As the sun began to set, Richard from the Big Swell came by to sing some rock anthems. Sadly, as it was dinner time, much of our audience went home for the night. Richard still sang his heart out and those that stayed had a great time.
Twilight at the garden brought out a shimmery crescent moon and a bold, pink sunset. Robert Trader took advantage of this magical setting to perform his folk/rock songs. His voice carried over the whole garden and even to the apartment balconies across the street from the garden. It was a great performance that really finished the concert off in the best way. Many peopled were wooed from the street into listening to the urban lyrics and heartfelt melodies.
We want to thank all the performers who donated their time to performing at Crowley Station Community Garden. You made sunday the fabulous event that it was! Thanks also to everyone who came out to enjoy the garden with us. We really have one of the best communities around!
Enjoy FREE MUSIC in the garden on Sunday, June 21, 2015 as a part of Make Music Madison event. Bring some snacks , seating (blanket or camp chairs) and enjoy the sounds of Summer! We picked out some excellent performers this year. Most of them have some folk or jazz elements to them. Check out the music at the links below. Come for part or all of the show.
Herbs are some of the best plants for container gardens, beginner gardeners, and those who like to cook. Whether you are new to gardening or an herb expert, there will be something special for you to learn in this workshop. Join us at the garden this Saturday, June 13, 2015 at 4PM. This event has a $5 suggested donation. We’ll cover the following:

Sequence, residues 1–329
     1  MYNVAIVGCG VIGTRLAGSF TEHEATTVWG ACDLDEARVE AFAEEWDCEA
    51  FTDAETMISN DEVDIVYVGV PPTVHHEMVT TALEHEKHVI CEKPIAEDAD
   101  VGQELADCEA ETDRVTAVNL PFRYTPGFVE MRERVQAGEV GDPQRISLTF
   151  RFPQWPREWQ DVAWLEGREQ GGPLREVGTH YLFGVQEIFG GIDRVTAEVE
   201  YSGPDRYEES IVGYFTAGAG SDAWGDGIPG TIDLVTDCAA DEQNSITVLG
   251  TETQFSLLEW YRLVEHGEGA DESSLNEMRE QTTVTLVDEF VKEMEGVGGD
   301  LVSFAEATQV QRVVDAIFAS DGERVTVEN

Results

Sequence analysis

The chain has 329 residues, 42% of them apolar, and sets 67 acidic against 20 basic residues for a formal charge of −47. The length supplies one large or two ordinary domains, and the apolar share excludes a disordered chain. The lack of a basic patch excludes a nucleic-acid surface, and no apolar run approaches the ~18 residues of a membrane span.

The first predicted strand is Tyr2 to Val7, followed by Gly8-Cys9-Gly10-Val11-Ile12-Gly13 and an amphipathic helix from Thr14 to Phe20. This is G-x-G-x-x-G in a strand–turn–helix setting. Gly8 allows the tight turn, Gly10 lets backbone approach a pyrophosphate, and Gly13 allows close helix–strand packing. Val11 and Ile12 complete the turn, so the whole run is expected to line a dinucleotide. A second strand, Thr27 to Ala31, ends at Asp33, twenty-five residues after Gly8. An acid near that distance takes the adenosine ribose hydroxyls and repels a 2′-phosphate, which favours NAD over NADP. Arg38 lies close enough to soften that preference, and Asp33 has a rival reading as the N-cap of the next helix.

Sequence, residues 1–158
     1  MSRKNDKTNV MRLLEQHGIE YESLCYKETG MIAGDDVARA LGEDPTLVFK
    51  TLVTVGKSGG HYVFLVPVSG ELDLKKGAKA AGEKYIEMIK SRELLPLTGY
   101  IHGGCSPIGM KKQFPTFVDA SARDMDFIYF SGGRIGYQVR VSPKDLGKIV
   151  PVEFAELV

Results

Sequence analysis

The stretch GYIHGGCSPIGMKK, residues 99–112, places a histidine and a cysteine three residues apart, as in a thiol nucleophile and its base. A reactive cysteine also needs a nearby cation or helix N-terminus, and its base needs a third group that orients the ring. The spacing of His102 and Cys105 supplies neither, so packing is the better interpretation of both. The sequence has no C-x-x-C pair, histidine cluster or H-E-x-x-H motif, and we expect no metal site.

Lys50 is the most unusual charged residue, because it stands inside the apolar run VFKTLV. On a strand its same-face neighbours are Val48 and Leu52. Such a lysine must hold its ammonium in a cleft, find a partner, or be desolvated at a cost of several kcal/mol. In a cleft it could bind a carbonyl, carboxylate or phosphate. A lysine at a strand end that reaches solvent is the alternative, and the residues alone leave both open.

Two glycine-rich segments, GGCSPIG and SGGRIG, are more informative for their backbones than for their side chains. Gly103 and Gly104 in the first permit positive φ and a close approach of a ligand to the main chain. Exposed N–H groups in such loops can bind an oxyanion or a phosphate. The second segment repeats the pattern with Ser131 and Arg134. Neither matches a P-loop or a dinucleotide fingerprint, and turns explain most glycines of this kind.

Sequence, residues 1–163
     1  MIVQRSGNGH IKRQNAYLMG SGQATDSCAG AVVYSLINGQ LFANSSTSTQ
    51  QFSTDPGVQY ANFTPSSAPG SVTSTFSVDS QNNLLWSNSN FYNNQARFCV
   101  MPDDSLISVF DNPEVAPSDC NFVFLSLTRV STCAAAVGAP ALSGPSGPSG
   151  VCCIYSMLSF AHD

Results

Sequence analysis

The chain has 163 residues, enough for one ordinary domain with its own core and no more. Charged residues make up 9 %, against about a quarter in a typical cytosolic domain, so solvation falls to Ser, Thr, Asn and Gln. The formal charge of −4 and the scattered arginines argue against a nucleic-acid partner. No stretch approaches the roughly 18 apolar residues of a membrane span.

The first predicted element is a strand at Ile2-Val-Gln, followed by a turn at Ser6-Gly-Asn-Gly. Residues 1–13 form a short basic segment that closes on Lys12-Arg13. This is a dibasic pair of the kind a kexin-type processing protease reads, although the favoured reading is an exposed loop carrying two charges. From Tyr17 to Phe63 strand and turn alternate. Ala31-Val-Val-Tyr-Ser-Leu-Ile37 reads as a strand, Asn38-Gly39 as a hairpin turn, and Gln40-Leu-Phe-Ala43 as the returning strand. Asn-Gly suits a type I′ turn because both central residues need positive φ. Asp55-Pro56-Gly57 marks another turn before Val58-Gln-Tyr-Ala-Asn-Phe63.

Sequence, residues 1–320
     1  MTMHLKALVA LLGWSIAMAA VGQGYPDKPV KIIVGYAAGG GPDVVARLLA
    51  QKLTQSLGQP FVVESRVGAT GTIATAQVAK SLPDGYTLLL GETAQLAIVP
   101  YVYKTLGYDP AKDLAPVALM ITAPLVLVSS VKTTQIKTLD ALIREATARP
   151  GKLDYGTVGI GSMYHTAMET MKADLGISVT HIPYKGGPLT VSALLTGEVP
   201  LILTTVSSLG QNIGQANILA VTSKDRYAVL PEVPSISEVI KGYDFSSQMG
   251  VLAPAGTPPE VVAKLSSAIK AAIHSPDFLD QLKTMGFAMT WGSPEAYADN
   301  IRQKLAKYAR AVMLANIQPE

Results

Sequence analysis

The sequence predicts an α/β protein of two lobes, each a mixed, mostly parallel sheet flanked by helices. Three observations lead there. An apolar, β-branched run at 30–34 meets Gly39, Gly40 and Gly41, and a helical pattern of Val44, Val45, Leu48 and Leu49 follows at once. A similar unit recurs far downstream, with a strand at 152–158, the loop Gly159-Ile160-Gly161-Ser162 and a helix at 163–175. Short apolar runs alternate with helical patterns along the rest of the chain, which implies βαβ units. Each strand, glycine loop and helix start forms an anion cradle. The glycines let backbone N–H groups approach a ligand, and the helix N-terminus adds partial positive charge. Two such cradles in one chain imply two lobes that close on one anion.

∗ How to Plant Herbs
∗ Companion Plantings
∗ Benefits of Herbs
∗ How to Harvest
∗ The Many Uses Beyond Cooking
Workshop run by Pat Niles:
After obtaining a degree in Horticulture – Crop Production from the University of Illinois – Urbana Champaign, Pat has spent the last four decades working in flower shops, green houses, the extension service and on organic farms. She has used her extensive experience to run her own CSA farm in southern Wisconsin. Her customers have grown to love her veggies, fruits, culinary flowers, herbs, and her vast gardening knowledge. Along the way Pat has shared her enthusiasm and knowledge in classrooms, workshops, and online. It’s rare to find someone who is as comfortable and engaged in the field as in the classroom!
CSCG Members, loved ones, friends, and neighbors,
This past Saturday we traversed Dane County on a mission for free compost and struck black gold! All beds were given some compost so our plots are now nutrient rich and ready for planting. Stop by the garden sometime this week and see how it’s shaping up already.
Join us this Friday, May 1st, for a Happy Hour Planting Party Work Day at the garden from 6:00–8:00pm. Bring beverages and snacks to share while we sort through weeds, seeds, and compost to wind down the week. It’s the perfect time to start planting some of the early spring vegetables that can withstand coldish weather. See our Education Director Danni Niles’s previous post for more suggestions, or keep reading using the gardening resources section of our website as your guide:
It was so lovely to get to meet all the new members to Crowley Station Community Garden last Saturday! I met a lot of members who were new to gardening, and they all had such wonderful questions. I thought I’d take the opportunity to write out a few of the most basic questions in case others were wondering how to get started.